|Nasal palatal approximant|
The nasal palatal approximant is a type of consonantal sound used in some oral languages. The symbol in the International Phonetic Alphabet that represents this sound is ⟨j?⟩, that is, a j with a tilde. The equivalent X-SAMPA symbol is
j~, and in the Americanist phonetic notation it is ⟨?⟩.
The nasal palatal approximant is sometimes called a nasal yod; [j?] and [w?] may be called nasal glides.
Features of the nasal palatal approximant:
[j?], written ny, is a common realization of /j/ before nasal vowels in many languages of West Africa that do not have a phonemic distinction between voiced nasal and oral stops, such as Ewe and Bini.
|Hindustani||? / sanyama||[s?j?j?m]||'patience'|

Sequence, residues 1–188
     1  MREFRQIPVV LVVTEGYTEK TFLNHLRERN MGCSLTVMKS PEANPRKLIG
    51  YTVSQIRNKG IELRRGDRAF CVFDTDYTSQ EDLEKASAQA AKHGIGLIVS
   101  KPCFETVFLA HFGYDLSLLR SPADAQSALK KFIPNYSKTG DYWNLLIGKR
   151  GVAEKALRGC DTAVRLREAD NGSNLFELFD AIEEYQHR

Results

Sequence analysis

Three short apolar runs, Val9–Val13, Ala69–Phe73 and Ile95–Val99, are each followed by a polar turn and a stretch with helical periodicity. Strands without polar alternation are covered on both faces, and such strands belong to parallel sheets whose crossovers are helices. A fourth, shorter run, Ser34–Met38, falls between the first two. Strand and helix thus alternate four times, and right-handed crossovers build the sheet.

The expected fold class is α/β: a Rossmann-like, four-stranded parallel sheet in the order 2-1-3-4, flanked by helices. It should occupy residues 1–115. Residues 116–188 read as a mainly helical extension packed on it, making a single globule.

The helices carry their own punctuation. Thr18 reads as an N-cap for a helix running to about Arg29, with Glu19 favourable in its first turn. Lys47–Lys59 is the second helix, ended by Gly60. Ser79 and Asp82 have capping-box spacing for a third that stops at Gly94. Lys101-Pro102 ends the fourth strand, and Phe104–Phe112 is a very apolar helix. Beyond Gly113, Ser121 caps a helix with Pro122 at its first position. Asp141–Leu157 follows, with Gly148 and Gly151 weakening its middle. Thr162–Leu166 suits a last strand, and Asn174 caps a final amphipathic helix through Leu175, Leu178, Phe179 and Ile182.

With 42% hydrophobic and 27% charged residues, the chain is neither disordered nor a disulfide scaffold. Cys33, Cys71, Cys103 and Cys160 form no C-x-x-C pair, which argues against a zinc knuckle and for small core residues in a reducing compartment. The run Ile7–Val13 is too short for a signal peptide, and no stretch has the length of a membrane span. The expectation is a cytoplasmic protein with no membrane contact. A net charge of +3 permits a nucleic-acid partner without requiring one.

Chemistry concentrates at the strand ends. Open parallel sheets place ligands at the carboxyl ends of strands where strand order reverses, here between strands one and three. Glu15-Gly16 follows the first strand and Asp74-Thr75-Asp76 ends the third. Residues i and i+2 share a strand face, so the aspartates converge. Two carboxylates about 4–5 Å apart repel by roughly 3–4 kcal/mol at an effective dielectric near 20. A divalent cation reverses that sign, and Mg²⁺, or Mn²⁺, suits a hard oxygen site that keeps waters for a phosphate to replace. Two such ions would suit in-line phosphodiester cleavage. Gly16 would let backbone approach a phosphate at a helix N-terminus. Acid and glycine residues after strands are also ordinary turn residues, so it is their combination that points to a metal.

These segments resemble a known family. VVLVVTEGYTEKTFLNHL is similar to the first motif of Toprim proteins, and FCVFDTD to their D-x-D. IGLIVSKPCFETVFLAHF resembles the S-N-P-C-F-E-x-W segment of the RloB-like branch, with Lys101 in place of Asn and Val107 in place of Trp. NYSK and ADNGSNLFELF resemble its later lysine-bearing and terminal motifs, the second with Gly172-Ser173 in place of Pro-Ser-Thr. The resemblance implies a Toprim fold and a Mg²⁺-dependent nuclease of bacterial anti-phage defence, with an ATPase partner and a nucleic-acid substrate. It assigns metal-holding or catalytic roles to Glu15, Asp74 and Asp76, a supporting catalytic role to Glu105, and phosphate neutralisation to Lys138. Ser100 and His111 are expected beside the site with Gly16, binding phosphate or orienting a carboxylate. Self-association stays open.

|Kaingang||[j]||'brave'||Possible word-initial realization of /j/ before a nasal vowel.|
|Lombard||bisògn de||[bi'z?j? d?e]||'need for (sth)'||
Allophone of before a consonant. See Lombard phonology
Allophone of in coda position or before fricatives. See Polish phonology
|Portuguese||Brazilian||sonho||['sõj]||'dream'||Allophone of between vowels, nasalizes the preceding vowel. Language's original /?/ sound. See Portuguese phonology|
|Most dialects||cães||[kj?s]||'dogs'||Allophone of after nasal vowels.|
|Some dialects||me ame!||['mjmi]||'love me!'||Non-syllabic allophone of between nasal sounds.|
|Shipibo||[example needed]||Allophone of /j/ after nasal vowels.|